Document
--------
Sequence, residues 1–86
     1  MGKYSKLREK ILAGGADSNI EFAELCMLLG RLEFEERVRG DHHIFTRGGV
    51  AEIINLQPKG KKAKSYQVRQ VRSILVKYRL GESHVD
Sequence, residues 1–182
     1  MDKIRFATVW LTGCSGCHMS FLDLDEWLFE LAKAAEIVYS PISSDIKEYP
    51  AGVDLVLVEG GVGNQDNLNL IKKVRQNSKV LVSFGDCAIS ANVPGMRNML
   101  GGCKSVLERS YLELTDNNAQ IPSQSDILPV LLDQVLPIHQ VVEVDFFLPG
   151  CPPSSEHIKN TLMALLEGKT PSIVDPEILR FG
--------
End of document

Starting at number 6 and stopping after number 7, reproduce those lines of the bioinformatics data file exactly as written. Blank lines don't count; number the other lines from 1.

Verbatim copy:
    51  AGVDLVLVEG GVGNQDNLNL IKKVRQNSKV LVSFGDCAIS ANVPGMRNML
   101  GGCKSVLERS YLELTDNNAQ IPSQSDILPV LLDQVLPIHQ VVEVDFFLPG